> essential, and which are just pure luxury. What should I look for in a
> tripod? Any recommendations would be helpful.
>
>
Something rugged. I like outdoor photography and sometimes will collapse my
tripod with camera attached to move from place to place in some areas. This
could be a tricky situation, and a bad one with a flimsy, cheap tripod. I
like a light tripod that is rugged and has legs that collapse very short.
Shooting outdoors brings along with it some interesting shooting positions
and you need to be ready all the time or you may miss that great shot. What
is essential to me may not be to you and vice-versa.


Ed
Anonymous
April 11, 2005 10:54:59 PM

Archived from groups: rec.photo.digital (More info?)

This link is an excellent explanation of what to look for in a tripod.

http://bythom.com/support.htm

A good tripod is expensive. My setup cost over $1000: Gitzo 1228, Arcratech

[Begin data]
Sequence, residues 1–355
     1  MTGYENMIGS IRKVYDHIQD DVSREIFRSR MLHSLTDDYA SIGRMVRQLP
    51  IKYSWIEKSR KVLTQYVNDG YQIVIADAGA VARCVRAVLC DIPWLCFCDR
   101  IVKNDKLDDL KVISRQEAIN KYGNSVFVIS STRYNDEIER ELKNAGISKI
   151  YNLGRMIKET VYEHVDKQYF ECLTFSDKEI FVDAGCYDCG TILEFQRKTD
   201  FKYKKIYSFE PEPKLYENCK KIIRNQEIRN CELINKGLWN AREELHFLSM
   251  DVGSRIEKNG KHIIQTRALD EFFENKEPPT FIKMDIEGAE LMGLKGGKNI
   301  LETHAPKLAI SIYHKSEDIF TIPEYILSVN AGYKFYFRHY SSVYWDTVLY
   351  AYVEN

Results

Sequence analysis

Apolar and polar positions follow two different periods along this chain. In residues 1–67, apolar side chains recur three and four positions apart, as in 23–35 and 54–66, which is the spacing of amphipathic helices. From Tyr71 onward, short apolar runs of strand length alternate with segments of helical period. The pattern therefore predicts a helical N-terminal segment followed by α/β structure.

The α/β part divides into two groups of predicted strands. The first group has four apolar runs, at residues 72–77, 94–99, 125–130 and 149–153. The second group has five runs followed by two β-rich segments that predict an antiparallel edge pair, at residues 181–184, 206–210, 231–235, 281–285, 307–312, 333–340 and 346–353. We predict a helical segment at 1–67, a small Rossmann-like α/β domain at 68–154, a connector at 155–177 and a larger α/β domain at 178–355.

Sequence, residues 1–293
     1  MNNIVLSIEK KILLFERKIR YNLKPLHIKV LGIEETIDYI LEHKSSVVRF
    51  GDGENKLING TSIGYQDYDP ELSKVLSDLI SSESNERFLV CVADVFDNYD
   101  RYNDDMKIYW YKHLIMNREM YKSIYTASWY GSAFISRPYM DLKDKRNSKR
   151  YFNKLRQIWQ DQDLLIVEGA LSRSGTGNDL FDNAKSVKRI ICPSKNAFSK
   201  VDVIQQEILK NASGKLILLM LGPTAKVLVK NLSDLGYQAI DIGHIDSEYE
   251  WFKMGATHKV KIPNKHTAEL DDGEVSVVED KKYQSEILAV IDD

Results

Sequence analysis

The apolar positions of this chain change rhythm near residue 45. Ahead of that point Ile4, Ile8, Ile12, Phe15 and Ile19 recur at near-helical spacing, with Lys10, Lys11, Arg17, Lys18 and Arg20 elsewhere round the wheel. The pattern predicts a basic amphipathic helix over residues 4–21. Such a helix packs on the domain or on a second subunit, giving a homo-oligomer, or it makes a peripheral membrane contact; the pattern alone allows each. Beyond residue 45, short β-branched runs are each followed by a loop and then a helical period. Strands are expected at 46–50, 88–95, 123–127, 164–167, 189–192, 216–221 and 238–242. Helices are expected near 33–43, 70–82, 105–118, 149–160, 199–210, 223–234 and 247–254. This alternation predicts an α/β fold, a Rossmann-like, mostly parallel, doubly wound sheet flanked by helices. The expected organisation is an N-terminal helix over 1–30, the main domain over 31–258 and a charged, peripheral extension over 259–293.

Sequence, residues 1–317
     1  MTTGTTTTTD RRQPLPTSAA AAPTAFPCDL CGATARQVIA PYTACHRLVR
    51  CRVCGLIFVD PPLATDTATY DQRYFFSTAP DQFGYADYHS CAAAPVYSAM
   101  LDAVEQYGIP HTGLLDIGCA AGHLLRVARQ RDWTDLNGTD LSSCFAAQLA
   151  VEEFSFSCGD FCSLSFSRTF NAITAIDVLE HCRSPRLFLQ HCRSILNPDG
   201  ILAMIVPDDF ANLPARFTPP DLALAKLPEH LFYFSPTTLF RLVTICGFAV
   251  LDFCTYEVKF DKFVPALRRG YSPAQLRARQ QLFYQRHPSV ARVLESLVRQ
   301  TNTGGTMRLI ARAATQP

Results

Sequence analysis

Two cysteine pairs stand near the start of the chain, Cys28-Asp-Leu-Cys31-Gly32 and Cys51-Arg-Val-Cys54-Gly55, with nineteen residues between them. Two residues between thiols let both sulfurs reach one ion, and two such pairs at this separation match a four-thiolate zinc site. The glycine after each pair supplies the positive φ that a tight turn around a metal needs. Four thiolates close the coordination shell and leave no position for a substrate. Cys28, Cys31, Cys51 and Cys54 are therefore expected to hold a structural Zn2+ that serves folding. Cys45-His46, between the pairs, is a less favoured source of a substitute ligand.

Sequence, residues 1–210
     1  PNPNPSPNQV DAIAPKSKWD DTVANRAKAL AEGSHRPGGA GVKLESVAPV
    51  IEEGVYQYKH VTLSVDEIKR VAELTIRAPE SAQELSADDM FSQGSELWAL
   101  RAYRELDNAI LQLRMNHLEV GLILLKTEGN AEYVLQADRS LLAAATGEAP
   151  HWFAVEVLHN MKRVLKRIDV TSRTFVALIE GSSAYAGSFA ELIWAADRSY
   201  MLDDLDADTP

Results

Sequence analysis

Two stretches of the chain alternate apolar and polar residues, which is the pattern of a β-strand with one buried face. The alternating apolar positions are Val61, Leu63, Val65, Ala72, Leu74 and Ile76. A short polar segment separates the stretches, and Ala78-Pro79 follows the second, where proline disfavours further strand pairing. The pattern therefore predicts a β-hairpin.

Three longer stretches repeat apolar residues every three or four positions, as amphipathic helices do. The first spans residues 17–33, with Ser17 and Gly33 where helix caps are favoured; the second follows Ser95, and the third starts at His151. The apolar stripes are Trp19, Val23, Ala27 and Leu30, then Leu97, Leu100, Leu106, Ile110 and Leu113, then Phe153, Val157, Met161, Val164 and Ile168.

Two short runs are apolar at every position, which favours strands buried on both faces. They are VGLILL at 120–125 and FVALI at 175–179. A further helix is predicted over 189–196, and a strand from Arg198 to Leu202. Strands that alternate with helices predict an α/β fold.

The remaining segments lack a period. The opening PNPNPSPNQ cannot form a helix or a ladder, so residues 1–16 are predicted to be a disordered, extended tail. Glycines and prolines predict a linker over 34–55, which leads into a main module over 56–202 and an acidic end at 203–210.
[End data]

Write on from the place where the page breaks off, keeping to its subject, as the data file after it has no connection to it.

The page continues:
ballhead, Really Right Stuff panoramic head, and RRS L-plate. I use to think
$100 was a lot, but it was the best improvement for taking pix. Now I can
use my 20D and get winners.
April 11, 2005 11:27:32 PM

Archived from groups: rec.photo.digital (More info?)

Rick (Saga 35) wrote:

> This link is an excellent explanation of what to look for in a tripod.
>
> http://bythom.com/support.htm


Thanks, he explains the pitfalls very cleverly.


>
> A good tripod is expensive. My setup cost over $1000: Gitzo 1228, Arcratech
> ballhead, Really Right Stuff panoramic head, and RRS L-plate. I use to think
> $100 was a lot, but it was the best improvement for taking pix. Now I can